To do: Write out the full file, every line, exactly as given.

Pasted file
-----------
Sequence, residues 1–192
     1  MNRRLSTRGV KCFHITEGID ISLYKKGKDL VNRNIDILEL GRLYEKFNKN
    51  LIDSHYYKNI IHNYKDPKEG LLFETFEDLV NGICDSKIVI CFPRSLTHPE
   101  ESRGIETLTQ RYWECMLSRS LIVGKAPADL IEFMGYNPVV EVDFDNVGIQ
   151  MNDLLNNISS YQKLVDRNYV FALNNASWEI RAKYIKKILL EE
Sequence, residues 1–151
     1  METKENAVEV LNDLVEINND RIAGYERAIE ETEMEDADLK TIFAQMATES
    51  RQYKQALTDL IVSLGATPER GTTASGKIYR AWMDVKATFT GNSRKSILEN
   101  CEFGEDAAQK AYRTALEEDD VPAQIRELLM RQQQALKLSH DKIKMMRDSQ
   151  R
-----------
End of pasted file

Sequence, residues 1–192
     1  MNRRLSTRGV KCFHITEGID ISLYKKGKDL VNRNIDILEL GRLYEKFNKN
    51  LIDSHYYKNI IHNYKDPKEG LLFETFEDLV NGICDSKIVI CFPRSLTHPE
   101  ESRGIETLTQ RYWECMLSRS LIVGKAPADL IEFMGYNPVV EVDFDNVGIQ
   151  MNDLLNNISS YQKLVDRNYV FALNNASWEI RAKYIKKILL EE
Sequence, residues 1–151
     1  METKENAVEV LNDLVEINND RIAGYERAIE ETEMEDADLK TIFAQMATES
    51  RQYKQALTDL IVSLGATPER GTTASGKIYR AWMDVKATFT GNSRKSILEN
   101  CEFGEDAAQK AYRTALEEDD VPAQIRELLM RQQQALKLSH DKIKMMRDSQ
   151  R